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The meaning of life in a world without work

Deep Play

The End of Work in the coming decades may give way to the rise of 'Deep Play', elaborate virtual reality games mixed with religion, consumerism and other ideologies.

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The meaning of life in a world without work

The meaning of life in a world without work

https://www.theguardian.com/technology/2017/may/08/virtual-reality-religion-robots-sapiens-book

theguardian.com

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Key Idea

Deep Play

The End of Work in the coming decades may give way to the rise of 'Deep Play', elaborate virtual reality games mixed with religion, consumerism and other ideologies.

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SIMILAR ARTICLES & IDEAS:

Our culture of work

Our culture claims that work is unavoidable and natural. The idea that the world can be freed from work, wholly or in part, has been suppressed for as long as capitalism has existed.

Exploring the abolition of work
  • In 1885, socialist William Morris proposed that in the factories of the future, employees should work only four hours a day.
  • In 1930, John Maynard Keynes predicted that advances in technology would lead to an age of leisure where people might work 15 hours a week.
  • Since the early 2010s, these ideas have been developed further, creating a growing critique of work as an ideology, and exploring alternatives to work.
  • Post-work offers enormous promises: In a life of much less work, life would be calmer, more equal, more communal, more pleasurable, more thoughtful, more politically engaged, more fulfilled.
Work ideology

The work ideology is not natural nor very old.

  • Before the modern era, all cultures thought of work as a means to an end, not an end in itself.
  • Once the modern work ethic was established, working patterns started to shift. Between 1800 and 1900, the average working week shrank from 80 hours to 60 hours, and in the 1970s to roughly 40 hours.
  • In 1979, Bernard Lefkowitz related in his book that people who had given up their jobs reported feelings of "wholeness." During the same period, because wages were high enough, it became possible for most people to work less.
  • During the 80s, work ideology was reimposed by aggressively pro-business governments who were motivated by a desire for social control.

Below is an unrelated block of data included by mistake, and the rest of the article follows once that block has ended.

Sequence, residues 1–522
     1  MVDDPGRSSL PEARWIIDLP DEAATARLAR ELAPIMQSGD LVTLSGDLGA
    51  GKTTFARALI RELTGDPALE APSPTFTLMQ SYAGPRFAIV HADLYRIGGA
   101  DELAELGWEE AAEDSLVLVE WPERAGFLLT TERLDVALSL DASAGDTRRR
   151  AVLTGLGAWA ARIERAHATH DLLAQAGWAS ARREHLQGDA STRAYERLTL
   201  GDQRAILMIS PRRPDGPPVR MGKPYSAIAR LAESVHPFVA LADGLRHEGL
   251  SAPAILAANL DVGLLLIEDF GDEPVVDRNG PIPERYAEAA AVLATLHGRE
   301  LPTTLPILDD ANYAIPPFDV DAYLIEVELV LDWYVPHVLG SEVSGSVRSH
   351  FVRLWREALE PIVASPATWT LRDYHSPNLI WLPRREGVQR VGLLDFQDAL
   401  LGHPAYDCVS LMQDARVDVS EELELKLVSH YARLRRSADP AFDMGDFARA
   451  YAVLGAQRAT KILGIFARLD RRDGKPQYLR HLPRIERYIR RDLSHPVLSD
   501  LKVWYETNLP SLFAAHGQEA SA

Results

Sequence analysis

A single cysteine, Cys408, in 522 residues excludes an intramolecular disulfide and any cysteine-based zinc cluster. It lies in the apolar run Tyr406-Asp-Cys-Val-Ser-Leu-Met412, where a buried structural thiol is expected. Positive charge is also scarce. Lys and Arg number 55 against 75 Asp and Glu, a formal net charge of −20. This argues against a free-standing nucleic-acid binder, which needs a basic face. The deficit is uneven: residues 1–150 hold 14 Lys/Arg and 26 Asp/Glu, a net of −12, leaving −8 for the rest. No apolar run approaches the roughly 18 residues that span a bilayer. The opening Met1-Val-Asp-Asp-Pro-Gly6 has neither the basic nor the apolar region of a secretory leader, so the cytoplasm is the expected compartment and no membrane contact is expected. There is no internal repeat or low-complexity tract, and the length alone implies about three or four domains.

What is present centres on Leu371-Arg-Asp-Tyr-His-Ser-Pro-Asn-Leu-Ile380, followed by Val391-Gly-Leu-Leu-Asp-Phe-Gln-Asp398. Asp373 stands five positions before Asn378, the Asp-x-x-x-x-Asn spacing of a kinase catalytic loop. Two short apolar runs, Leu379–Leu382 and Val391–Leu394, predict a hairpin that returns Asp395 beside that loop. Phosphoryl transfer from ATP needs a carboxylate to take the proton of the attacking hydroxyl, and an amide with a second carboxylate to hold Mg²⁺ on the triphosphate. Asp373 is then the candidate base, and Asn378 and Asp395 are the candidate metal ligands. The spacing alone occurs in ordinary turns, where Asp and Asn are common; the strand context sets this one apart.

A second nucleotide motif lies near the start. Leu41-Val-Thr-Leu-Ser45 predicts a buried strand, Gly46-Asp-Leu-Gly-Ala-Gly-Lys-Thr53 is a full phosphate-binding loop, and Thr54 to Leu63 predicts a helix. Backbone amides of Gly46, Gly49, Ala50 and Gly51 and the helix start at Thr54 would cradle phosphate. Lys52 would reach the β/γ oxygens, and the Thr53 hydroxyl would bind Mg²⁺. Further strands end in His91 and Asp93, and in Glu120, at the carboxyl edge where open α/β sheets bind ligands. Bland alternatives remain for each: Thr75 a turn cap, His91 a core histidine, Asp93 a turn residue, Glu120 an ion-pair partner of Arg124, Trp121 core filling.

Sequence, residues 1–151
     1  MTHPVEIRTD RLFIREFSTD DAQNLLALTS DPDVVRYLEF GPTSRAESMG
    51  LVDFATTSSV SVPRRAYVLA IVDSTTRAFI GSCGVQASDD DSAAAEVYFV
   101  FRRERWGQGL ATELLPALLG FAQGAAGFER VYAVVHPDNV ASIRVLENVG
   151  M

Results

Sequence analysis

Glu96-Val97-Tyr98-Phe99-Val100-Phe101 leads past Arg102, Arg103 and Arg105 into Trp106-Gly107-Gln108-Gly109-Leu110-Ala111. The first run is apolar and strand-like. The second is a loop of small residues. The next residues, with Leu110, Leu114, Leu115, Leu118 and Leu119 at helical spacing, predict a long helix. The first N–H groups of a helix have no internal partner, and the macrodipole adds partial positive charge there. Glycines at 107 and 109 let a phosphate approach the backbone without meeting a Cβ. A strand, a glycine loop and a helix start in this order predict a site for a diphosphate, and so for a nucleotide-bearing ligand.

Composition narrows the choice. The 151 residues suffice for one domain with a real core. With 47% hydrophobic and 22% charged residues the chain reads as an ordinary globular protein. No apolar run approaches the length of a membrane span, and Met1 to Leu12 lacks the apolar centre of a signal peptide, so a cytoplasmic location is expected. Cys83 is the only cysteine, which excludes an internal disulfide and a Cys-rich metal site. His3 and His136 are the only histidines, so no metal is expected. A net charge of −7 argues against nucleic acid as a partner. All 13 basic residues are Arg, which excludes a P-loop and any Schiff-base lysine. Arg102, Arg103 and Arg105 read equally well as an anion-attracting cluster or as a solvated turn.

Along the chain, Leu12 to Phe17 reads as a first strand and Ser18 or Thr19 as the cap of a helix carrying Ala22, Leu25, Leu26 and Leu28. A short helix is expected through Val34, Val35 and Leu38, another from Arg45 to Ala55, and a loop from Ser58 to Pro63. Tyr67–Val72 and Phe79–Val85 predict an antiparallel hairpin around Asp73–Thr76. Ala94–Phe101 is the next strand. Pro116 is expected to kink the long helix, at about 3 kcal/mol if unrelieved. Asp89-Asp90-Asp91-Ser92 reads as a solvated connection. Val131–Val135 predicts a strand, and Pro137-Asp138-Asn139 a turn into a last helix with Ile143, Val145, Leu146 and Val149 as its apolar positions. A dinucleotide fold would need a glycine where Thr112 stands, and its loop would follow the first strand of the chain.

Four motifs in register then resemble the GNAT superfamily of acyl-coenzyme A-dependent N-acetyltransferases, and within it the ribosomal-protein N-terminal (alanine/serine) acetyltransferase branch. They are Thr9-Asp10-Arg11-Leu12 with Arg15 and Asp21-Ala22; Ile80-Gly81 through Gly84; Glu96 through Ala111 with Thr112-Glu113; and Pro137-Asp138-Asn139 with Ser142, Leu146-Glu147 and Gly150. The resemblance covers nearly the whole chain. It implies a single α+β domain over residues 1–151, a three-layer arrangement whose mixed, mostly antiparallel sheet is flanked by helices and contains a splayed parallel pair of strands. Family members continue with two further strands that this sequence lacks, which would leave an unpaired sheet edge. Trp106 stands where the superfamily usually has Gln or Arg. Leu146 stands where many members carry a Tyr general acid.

• By the early 21st century, the work culture seems inescapable.

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    Ideologies ≠ Ideologues
    Ideologies ≠ Ideologues

    Ideologies: ideas that, disguised as science or philosophy, claim to explain the complexity of the world and offer remedies that will perfect it.

    Ideologues: people who pretend ...

    Virtue ≠ Virtue Signaling

    Jordan Peterson observed that virtues aim for balance and to avoid the extremes of the vices. Cultivating judgment about the difference between virtue and vice is the beginning of wisdom.

    Modern relativism asserts judging how to live is impossible, because good and virtue are relative. Thus relativism’s version of “virtue” is “tolerance.” This leads to people broadcasting their tolerance as a form of self-promotion, and secret vice, which is also known as virtue signaling.

    Order and Chaos

    Order is where the people around you act according to the established social norms, remaining predictable and cooperative. Society is simultaneously structure and oppression.

    Chaos is where the unexpected happens. 

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    A new disorder

    The World Health Organization officially added a new disorder to the section on substance use and addictive behaviors :

    The term "addiction"

    Addiction can include:

    • Addiction as a moral transgression, like excessive drinking or drug use.
    • Addiction as a scientific disease, which characterize alcoholism and drug addiction as biological.
    • Colloquial violation, which applies the term to almost any fixation. 

    The idea that someone can be addicted to a behavior, as opposed to a substance, remains debatable.

    Arguments against gaming addiction
    • Excessive gameplay is a symptom of a larger problem, like anxiety or depression.
    • The fear of possible addiction arrises from moral panic about new technologies, not scientific research or clinical data.
    • Making excessive gaming a disorder can harm the gaming industry by stigmatizing their products. 

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